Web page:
Why You Should Design for Mobile Now

For a long time, I resisted getting a laptop, saying that I preferred the more comfortable keyboard and larger monitor with a desktop.  Similarly, I waited until late 2010 to get my first smart phone, not wanting to pay a premium to navigate the web on such a small screen.

I still spend most of my time online on my desktop either at home or at work, but I do use my smart phone, mostly to stay up to date with Facebook and Twitter.  But everywhere I look, smart phones are everywhere.  So if I was to assume that nonprofit constituents feel the way I do, I would be losing out on an opportunity to connect with supporters on their preferred platform – mobile.

Recently I attended a Convio webinar on mobile strategies for nonprofits.  While I encourage you to download their free guide A Guide to the Mobile Web: Best Practices for Nonprofits, I found these points by presenter Misty McLaughlin especially interesting:

  1. There are many approaches to mobile, such as a ‘mini site’ which highlights your highest value content or a ‘mobile optimized site’ – unless your organization is primarily providing information as your mission, it is usually not necessary to replicate full website content on your mobile site
  2. A good rule of thumb – when mobile visits in your web stats exceed 5% of your overall traffic, it’s time to have a definite strategy to communicate with mobile users
  3. For most nonprofits, it is usually better to focus on a mobile version of your website and not rush to create an app.  In addition to the expense of having to handle multiple platforms (iPhone, Android, Blackberry etc.), there is a much higher barrier to entry since constituents have to find the app, download it, and then remember to use it.
  4. If you’re currently redesigning your website, creating your mobile presence first will help you to provide a richer, more focused and integrated online presence
  5. Although tablets are the rage these days, it is usually not necessary to create a separate ‘tablet’ site since most desktop websites convert well to a tablet screen.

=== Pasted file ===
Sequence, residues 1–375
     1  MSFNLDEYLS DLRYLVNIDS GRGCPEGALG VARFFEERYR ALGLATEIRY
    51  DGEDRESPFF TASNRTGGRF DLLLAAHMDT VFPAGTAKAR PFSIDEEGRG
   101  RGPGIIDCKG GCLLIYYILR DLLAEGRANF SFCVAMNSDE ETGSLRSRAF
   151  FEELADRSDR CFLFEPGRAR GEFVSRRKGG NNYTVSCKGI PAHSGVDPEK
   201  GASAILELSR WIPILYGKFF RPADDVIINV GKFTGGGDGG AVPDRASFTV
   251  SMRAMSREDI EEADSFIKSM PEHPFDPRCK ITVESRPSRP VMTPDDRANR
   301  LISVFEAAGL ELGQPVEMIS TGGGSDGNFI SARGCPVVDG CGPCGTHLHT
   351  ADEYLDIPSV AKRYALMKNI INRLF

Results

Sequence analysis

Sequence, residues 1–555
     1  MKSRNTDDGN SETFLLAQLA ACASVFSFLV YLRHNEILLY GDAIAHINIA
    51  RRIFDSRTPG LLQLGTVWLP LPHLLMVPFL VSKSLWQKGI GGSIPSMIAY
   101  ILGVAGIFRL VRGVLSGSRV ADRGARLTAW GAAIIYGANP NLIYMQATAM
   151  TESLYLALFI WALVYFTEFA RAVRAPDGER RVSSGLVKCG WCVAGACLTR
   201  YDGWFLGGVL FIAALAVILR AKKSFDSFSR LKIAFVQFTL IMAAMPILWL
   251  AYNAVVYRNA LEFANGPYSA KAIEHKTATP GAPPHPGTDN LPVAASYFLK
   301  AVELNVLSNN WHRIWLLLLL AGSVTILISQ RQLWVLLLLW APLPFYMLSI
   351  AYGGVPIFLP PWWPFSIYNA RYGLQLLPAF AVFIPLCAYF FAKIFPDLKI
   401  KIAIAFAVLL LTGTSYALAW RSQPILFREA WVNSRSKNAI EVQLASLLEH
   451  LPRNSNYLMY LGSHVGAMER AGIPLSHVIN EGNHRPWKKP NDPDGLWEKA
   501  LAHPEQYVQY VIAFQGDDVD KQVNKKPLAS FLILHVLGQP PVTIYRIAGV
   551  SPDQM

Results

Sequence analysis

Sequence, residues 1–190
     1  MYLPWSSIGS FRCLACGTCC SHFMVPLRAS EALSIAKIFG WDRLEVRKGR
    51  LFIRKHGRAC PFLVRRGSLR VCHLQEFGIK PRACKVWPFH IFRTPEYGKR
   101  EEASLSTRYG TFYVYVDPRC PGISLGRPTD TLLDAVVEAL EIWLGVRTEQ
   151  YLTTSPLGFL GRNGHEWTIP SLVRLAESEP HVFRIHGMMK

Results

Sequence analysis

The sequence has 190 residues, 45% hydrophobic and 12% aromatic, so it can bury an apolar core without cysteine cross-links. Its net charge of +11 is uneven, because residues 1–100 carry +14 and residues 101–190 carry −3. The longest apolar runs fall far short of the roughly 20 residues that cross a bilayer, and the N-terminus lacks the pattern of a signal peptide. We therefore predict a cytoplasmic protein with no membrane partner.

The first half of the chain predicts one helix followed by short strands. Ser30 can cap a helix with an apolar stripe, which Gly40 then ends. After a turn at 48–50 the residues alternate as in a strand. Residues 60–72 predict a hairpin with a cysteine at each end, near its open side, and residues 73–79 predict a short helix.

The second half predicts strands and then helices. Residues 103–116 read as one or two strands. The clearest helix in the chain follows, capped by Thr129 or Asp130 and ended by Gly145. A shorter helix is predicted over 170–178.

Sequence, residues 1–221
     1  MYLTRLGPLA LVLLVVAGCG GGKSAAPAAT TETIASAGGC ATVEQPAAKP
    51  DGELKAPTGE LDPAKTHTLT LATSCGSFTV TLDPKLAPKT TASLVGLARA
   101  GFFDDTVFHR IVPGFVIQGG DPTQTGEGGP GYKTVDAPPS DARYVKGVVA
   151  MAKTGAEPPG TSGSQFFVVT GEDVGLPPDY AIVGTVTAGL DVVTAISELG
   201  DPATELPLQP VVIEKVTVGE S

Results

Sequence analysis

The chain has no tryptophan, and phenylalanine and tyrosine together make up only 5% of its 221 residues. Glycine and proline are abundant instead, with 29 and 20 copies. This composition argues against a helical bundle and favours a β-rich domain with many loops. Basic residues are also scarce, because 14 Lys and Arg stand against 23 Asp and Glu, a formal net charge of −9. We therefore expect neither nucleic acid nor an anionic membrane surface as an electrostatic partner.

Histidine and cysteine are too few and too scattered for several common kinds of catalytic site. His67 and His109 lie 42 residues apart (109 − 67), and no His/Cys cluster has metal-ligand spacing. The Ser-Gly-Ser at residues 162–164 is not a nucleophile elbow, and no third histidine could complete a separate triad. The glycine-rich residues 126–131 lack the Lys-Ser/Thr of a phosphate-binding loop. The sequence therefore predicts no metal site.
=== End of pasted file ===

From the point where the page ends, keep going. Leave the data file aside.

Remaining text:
6. Scrolling on mobile pages is more acceptable than while browsing on a desktop, but you should still limit scrolling on your home page (OK on secondary pages)
  7. If you’re CMS shopping, pick a product that will allow you to:
    • create content once for multiple platforms by separating presentation from content
    • provide auto device detection (so mobile users get the mobile site)
    • allow device-specific tailored displays

Key takeaway – mobile forces us to be smart about our content.  What are the most important actions we want constituents to take?  What is our key message – is it succinct, understandable and repeatable?  We only have our supporters’ attention for a short time, so it’s more important than ever to use that time wisely.

For examples of great nonprofit mobile sites, visit the US Fund for Unicef’s main website and then view its recently designed mobile version. Also, compare the  World Wildlife Fund main website with its corresponding mobile site.   When you look at your organization’s website on your phone, can you quickly find the information you’re looking for without getting frustrated?

For more mobile tips, listen to Nten’s webinar, Mobile for Nonprofits.   And remember that however you feel about using smart phones, you are not your constituents.

Author: Norman Reiss

ePhilanthropy for Nonprofit Organizations